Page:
Michael Newman has a terrific post up on the cultural legitimization of television. Or rather a post up arguing that television very possibly is not facing a watershed moment of legitimization in quite the way the popular press sees it. He makes the valid point that it's a little odd (if not offensive) to say that TV is only now being talked about, in polite society no less.
I will say in Alessandra Stanley's defense that her observations about the (Northeast Corridor) bourgeoisie's shifting attitude toward television jive with my own anecdotal observations.... that the New York Times' annoying tendency to universalize its narrow class position shouldn't obscure their remarkable capacity for un-self-reflexive social self-diagnosis. Further, my years at Brown convinved me that in some bourgeois circles at least, disdain of television is now seen as a middlebrow attitude.
In any case, I really appreciate Michael's readings of the class (and gender) politics behind the new cultural legitimization drive. Since my own work is on the moment in American cinema (late 1940s) when cultural legitimization of the medium reached a tipping point, I'm struck by the similarity of the process, even given different circumstances and different details... I think the true parallel to today's cultural upgrade strategy is not the Famous Players but Otto Preminger and Stanley Kramer. That of course, entails no prediction about the future direction of televisual legitimization. (Will the "discourse of legitimacy" that Michael argues for define itself against Sopranos-mania in the way the auteurists did against Stanley Kramer?)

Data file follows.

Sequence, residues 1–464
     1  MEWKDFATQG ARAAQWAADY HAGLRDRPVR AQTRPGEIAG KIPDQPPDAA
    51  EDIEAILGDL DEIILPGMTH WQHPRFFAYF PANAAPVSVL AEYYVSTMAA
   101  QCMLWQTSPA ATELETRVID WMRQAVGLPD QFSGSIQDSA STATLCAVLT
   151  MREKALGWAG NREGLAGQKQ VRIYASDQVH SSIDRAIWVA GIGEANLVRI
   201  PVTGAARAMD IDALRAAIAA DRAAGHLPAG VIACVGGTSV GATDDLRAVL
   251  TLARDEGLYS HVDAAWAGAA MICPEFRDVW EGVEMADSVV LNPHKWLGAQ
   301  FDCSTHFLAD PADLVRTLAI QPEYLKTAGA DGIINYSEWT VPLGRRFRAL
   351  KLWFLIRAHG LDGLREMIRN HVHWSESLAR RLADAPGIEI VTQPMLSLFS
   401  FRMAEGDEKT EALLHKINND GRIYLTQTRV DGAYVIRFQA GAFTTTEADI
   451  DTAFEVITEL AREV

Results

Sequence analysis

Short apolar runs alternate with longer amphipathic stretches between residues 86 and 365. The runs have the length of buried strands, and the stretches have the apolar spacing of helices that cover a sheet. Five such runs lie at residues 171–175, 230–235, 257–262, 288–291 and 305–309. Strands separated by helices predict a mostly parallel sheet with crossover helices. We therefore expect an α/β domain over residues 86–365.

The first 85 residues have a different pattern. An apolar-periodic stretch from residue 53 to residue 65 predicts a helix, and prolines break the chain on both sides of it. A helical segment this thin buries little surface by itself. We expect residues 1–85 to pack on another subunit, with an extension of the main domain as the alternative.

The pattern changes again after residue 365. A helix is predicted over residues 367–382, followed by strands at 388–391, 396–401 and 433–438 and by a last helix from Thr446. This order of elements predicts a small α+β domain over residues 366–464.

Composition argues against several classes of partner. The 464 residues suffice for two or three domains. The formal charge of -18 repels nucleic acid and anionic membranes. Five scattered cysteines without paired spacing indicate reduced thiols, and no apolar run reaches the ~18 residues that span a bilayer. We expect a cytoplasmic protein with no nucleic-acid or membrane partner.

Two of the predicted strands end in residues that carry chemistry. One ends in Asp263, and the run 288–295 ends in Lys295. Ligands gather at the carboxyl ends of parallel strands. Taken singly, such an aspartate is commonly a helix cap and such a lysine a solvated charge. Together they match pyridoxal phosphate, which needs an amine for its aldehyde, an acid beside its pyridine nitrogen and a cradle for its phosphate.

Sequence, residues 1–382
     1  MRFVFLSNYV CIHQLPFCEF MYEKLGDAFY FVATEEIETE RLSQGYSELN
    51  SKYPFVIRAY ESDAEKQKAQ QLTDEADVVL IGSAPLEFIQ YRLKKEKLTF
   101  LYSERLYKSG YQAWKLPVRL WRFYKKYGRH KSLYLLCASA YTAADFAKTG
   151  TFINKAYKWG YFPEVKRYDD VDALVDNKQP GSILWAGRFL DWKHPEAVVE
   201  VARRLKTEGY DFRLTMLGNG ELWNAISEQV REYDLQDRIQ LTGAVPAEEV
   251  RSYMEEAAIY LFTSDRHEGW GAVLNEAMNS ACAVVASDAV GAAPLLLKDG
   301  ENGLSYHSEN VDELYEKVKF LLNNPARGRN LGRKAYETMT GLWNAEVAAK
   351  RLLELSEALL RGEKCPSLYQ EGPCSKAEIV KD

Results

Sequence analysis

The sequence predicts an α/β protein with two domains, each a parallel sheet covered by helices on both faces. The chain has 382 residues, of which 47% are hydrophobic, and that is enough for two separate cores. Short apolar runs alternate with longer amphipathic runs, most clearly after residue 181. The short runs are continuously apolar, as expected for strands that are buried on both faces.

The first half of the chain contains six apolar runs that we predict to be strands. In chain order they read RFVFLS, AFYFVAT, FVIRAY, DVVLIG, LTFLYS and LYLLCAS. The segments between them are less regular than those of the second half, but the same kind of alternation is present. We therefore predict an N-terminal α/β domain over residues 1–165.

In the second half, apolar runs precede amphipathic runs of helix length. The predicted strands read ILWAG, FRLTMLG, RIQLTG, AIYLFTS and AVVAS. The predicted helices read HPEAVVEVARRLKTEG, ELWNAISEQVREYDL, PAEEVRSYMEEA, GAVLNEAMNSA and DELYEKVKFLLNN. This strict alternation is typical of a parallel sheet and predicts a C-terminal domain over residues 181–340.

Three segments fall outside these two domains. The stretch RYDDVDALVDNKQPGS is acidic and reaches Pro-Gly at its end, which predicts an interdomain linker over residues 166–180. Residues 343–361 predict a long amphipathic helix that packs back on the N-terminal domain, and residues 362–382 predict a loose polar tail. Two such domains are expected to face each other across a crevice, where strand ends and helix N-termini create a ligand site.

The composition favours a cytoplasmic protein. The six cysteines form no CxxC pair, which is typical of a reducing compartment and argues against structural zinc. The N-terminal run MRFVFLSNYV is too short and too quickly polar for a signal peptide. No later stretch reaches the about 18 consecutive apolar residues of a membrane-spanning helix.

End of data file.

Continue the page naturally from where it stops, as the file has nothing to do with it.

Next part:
On a side note, I was struck by how overwhelming the advertising for television shows was in Los Angeles. Billboards, murals, and busstop ads for the fall shows were everywhere. Of course, much of that may be designed primarily to convince talent and industry players that their shows are being promoted.
Born on the 23rd of July
5 days ago